Indiana Law Journal
This Article outlines and compares the corporate governance structures of the United States, Japan, Germany, and France. This outline and comparison is made with respect to past, present, and future characteristics and trends. As a cross-national study, it recognizes that the varying natures of differing legal, business, social, and cultural structures significantly affect the degree to which a country can implement changes to its corporate governance systems. This study includes the possibility that one country's corporate model might be inapplicable to another country. Some aspects of American capitalism, nevertheless, are slowly being adopted as improvements in Germany, France, and Japan. Likewise, the U.S. is importing, to some extent, features of other countries' systems.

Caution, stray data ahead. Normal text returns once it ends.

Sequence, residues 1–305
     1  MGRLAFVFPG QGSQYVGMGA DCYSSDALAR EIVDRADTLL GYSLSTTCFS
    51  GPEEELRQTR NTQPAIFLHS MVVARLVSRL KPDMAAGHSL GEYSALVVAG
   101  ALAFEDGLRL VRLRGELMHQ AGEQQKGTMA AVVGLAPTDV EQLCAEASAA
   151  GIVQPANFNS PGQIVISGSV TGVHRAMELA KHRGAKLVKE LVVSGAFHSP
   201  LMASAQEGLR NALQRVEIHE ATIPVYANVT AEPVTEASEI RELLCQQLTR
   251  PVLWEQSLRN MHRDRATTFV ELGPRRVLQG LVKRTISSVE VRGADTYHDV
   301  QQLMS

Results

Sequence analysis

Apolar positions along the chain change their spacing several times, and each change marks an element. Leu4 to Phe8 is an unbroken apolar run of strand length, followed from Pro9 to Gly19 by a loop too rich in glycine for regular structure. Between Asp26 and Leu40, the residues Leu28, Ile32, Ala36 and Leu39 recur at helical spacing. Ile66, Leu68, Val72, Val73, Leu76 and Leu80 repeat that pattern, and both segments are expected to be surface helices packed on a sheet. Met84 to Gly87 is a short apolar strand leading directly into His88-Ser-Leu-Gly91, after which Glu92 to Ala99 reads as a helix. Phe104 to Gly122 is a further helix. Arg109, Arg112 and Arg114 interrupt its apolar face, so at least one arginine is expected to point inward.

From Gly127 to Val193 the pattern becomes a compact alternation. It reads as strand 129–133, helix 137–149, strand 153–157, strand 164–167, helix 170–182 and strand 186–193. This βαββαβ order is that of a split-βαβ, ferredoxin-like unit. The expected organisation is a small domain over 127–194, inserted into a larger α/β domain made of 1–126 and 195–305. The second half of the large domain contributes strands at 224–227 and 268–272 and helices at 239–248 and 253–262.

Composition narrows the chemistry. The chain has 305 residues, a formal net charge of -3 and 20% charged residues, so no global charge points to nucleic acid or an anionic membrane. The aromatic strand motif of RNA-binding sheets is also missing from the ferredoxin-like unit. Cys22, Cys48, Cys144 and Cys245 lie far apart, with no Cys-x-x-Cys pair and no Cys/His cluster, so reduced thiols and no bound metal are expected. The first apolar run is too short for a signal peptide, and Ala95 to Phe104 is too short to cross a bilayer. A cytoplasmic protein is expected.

This Article also analyzes the strengths and weaknesses of corporate governance systems in Japan, Germany, and France. By doing so, a better understanding can be gained of the nature and limitations of America's corporate governance system, its potential for exportation, and its capacity for importing foreign improvements. Likewise, a better grasp can be gained of the nature and limitations of other countries' corporate governance systems, their potentials for exportation, and their capacities for importing foreign improvements. The recent bankruptcies of Enron and Global Crossing are used to illustrate these points.
Edward S. Adams, Corporate Governance after Enron and Global Crossing: Comparative Lessons for Cross-National Improvement, 78 723 (2003), 78 Ind. L.J. 723 (2003), available at https://scholarship.law.umn.edu/faculty_articles/651.